Politics Stack Exchange is a question and answer site for people interested in governments, policies, and political processes. Join them; it only takes a minute:

Sign up
Here's how it works:
  1. Anybody can ask a question
  2. Anybody can answer
  3. The best answers are voted up and rise to the top

Mitch McConnell recently cited the "Biden rule" as justification for rejecting a SCOTUS nomination.

What are the parallels between the current situation, and the situation when Biden made the cited comments?

What, if any, are the differences between what Biden was saying and what McConnell is saying?

share|improve this question
    
I'm a bit confused - What is the rationale for the "Biden rule"? He says it's not because he wants his own team to get a chance, but I don't see any other reason for such a rule... – popctrl Mar 18 at 18:02
    
@popctrl Ostensibly, "So the people can have a say." Realistically, "So we can get someone whose views are more agreeable to our policies." – reirab Mar 18 at 18:28
    
It was called the Biden rule as a jab at the current administration for wanting to have its cake and eat it too... – Chad Mar 18 at 22:08
  • Parallels:

    • outgoing president from party Y

    • a likely/possible chance of there being elected a president of opposing party in that year's election

    • Deep partisan divide.

    • Open judicial positions (see next bullet point) needing nominees.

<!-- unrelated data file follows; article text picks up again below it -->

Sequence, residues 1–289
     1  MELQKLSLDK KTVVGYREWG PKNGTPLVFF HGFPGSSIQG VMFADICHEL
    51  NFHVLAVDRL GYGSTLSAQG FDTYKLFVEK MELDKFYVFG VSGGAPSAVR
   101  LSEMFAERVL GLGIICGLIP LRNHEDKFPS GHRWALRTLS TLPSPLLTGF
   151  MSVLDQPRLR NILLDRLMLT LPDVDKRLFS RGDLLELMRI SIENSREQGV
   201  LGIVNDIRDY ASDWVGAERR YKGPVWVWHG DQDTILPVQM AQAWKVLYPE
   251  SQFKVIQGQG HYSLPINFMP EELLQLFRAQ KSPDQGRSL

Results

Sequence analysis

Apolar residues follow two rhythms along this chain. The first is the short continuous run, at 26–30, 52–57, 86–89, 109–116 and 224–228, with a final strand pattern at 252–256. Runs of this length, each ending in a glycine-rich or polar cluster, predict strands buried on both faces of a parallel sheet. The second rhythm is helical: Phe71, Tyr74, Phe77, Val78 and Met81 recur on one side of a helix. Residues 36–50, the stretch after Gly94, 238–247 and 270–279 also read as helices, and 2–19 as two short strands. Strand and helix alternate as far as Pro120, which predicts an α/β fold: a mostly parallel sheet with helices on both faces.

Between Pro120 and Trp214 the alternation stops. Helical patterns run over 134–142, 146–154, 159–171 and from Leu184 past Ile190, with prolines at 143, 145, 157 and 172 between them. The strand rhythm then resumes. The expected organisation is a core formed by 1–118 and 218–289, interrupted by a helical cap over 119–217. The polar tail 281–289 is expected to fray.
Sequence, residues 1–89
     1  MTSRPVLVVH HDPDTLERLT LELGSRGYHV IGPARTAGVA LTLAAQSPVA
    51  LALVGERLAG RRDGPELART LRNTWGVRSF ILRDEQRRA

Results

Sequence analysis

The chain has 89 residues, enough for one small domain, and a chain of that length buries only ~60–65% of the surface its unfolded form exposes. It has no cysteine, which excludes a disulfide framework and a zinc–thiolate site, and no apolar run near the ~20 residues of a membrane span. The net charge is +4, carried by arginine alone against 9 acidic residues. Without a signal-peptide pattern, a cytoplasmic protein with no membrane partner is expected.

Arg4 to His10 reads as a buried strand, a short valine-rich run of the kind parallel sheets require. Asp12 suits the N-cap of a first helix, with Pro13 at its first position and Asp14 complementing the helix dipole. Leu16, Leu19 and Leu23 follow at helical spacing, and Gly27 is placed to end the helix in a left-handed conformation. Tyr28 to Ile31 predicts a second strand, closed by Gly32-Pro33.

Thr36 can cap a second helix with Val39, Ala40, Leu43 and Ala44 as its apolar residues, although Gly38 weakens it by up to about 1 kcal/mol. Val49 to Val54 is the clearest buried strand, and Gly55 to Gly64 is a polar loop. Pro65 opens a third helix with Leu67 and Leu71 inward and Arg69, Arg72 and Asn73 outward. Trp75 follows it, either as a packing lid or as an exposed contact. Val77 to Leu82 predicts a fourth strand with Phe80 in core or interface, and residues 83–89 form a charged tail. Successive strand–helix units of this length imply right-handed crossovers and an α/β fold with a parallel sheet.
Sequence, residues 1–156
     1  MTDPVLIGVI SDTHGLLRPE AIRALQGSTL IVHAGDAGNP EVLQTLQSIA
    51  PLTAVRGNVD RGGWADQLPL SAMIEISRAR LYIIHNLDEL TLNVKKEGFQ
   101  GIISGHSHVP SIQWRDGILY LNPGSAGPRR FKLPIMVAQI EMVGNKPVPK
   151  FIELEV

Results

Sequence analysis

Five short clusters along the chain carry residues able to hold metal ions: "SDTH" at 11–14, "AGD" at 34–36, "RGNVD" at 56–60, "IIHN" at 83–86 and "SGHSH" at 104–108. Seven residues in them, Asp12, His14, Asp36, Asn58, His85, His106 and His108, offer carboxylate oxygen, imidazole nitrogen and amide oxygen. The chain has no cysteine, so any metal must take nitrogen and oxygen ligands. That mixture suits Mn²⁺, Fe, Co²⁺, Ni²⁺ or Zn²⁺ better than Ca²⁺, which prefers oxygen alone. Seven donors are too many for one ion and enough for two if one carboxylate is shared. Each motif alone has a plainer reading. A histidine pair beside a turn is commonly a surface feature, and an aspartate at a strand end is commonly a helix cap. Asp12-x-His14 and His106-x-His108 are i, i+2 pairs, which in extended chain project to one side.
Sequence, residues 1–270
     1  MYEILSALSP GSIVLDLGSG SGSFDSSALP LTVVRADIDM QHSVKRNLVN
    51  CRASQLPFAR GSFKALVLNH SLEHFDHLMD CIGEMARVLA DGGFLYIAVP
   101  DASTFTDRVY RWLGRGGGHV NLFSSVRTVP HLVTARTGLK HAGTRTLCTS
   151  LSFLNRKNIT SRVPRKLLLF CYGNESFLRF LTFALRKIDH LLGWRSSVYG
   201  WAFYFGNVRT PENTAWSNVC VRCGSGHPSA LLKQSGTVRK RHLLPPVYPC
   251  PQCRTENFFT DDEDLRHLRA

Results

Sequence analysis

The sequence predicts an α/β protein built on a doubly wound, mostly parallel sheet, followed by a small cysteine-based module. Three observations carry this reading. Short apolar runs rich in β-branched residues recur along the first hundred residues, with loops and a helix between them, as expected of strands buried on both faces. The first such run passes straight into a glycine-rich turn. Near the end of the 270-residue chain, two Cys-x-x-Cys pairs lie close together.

• Differences: in 1992 there were no actual SCOTUS vacancies, Biden was talking about a theoretical situation that would have arisen had there been a vacancy. In 2016, there's an actual vacancy.

    Having said that, the situation isn't as dissimilar as it appears from most biased 2016 reporting, as there were non-SCOTUS judicial vacancies Biden was targeting:

    But Neil Lewis reported that Senate Democrats wanted to leave approximately 50 judgeships open for “presumably more liberal nominees.”

    According to Senate roll call votes from 1992, only one Bush judicial nominee received a vote after The New York Times published that story (src).

    Also, the timlines differ some (June vs. March) but I fail to see where that'd be very meaningful.

  • What Biden actually said (all quotes sourced from here):

    BIDEN: "…in 1800, 1828, 1864, and 1956-the President himself withheld making a nomination until after the election was held. …it is time to consider whether this unbroken string of historical tradition should be broken. In my view, what history supports, common sense dictates in the case of 1992." (Sen. Biden, Congressional Record, S.16316, 6/25/1992)

    ...

    It is my view that if the President goes the way of Presidents Fillmore and Johnson and presses an election-year nomination, the Senate Judiciary Committee should seriously consider not scheduling confirmation hearings on the nomination until after the political campaign season is over." (Sen. Biden, Congressional Record, S.16317, 6/25/1992)